He seemed to speak to her like one in a dream. He was numb with his growing misery and the struggle in his mind: he must leave her—the situation was unendurable—he could not stay, because in her present softened mood it was possible that if he lost control of himself and caressed her she might yield to him; and, then, he knew no resolutions on earth could hold him from taking her to his heart. And she must never really be his wife. The bliss of it might be all that was divine at first, but there would be always the hideous skeleton beneath, ready to peep out and mock at them: and then if they should have children? They were both so young that would be sure to happen; and this thought, which had once, in that very room, in his happy musings, given him so much joy, now caused him to quiver with extra pain. For a woman with such a background should not be the mother of a Tancred of Wrayth.
Tristram was no Puritan, but the ingrained pride in his old name he could not eliminate from his blood. So he kept himself with an iron reserve. He never once looked at her, and spoke as coldly as ice; and they got through luncheon. And Zara said, suddenly, she would like to go to church.
It was at three o’clock, so he ordered the motor without a word. She was not well enough to walk there through the park.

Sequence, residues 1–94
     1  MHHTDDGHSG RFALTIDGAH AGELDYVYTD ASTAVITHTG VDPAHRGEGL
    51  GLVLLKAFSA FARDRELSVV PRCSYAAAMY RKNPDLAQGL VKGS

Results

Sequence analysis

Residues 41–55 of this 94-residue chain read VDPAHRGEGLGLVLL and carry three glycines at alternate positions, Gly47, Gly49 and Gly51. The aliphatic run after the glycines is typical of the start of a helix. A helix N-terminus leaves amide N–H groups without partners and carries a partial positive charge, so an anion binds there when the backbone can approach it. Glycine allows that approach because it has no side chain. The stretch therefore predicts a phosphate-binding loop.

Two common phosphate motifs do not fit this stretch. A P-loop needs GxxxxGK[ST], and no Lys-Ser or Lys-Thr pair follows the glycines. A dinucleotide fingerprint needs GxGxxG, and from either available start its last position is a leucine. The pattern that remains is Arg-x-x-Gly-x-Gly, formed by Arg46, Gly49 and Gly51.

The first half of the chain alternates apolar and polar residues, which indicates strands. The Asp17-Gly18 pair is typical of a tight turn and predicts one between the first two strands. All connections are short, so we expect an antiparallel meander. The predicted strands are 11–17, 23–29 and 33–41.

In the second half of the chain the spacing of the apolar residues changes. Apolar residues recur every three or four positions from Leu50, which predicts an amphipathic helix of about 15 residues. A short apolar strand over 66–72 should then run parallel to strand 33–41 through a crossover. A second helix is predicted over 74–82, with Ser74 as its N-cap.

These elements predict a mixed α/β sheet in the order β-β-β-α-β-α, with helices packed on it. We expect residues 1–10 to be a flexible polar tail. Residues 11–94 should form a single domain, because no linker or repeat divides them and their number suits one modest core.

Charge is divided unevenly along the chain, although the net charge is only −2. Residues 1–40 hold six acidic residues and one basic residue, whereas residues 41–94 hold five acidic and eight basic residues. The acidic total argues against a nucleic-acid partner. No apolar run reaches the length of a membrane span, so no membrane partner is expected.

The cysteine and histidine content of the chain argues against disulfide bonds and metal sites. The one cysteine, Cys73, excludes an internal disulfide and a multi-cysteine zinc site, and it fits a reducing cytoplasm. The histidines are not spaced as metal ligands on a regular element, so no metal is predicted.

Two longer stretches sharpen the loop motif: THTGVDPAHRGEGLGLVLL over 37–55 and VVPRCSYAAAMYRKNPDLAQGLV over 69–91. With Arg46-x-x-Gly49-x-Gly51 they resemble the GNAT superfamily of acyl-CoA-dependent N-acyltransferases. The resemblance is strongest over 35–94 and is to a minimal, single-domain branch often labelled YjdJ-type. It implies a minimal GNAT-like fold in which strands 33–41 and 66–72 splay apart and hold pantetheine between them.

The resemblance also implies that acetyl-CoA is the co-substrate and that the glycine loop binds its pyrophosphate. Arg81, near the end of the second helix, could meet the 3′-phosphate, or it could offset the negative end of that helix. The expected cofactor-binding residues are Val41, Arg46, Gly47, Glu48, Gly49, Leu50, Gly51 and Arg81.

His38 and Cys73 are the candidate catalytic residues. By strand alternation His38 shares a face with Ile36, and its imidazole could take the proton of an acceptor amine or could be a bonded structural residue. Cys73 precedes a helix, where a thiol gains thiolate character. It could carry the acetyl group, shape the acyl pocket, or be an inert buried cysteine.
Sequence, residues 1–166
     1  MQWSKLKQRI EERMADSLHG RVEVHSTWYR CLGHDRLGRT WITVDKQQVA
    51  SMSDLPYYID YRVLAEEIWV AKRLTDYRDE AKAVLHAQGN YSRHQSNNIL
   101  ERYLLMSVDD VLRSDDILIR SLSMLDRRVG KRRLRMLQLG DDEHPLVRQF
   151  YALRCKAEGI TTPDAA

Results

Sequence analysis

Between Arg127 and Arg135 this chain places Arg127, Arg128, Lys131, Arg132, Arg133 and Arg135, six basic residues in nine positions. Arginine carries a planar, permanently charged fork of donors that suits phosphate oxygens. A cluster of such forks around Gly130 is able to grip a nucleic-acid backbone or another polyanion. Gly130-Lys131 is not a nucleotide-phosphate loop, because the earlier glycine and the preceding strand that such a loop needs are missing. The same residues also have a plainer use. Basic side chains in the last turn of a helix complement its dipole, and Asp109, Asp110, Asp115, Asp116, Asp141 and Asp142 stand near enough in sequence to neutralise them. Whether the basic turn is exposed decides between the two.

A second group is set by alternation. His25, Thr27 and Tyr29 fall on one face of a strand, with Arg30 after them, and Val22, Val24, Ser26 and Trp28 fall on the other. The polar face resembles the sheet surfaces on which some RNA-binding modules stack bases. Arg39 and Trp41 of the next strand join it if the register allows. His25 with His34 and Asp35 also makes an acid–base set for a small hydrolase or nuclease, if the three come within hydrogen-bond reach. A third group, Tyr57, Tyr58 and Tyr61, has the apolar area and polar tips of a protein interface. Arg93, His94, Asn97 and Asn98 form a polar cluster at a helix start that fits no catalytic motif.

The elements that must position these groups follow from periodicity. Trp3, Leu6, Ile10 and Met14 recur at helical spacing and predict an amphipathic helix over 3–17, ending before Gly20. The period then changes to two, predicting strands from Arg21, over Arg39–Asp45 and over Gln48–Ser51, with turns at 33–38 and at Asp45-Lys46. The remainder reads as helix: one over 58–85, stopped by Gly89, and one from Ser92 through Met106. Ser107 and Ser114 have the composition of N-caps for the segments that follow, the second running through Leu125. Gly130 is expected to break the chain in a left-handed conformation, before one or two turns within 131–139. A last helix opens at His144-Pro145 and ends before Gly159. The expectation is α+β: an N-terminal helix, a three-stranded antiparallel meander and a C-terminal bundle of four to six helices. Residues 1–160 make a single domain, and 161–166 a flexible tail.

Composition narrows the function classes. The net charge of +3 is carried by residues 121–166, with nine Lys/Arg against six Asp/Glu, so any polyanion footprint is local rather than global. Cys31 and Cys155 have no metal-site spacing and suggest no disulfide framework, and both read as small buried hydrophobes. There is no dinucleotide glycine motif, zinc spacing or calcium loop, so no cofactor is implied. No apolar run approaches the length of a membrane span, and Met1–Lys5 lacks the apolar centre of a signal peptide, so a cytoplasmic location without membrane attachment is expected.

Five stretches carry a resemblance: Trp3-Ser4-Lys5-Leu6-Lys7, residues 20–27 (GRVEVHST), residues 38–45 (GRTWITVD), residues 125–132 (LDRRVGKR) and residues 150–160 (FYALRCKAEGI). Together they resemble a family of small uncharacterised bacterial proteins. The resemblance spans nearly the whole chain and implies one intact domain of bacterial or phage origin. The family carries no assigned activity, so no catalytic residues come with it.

He could not let her go alone, so he changed his plans and went with her. They did not speak, all the way.
She had never been into the church before, and was struck with the fine windows, and the monuments of the Guiscards, and the famous tomb of the Crusader in the wall of the chancel pew where they sat; and all through the service she gazed at his carven face, so exactly like Tristram’s, with the same, stern look.
And a wild, miserable rebellion filled her heart, and then a cold fear; and she passionately prayed to God to protect him. For what if he should go on some dangerous hunting expedition, and something should happen, and she should never see him again! And then, as she stood while they sang the final hymn, she stopped and caught her breath with a sob. And Tristram glanced at her in apprehension, and he wondered if he should have to suffer anything further, or if his misery were at its height.
The whole congregation were so interested to see the young pair, and they had to do some handshakings, as they came out. What would all these good people think, Tristram wondered with bitter humor, when they heard that he had gone away on a long tour, leaving his beautiful bride alone, not a month after their marriage? But he was past caring what they thought, one way or another, now.
Zara went to her room when they got back to the house, and when she came down to tea he was not there, and she had hers alone with Jake.
She felt almost afraid to go to dinner. It was so evident he was avoiding her. And while she stood undecided her maid brought in a note: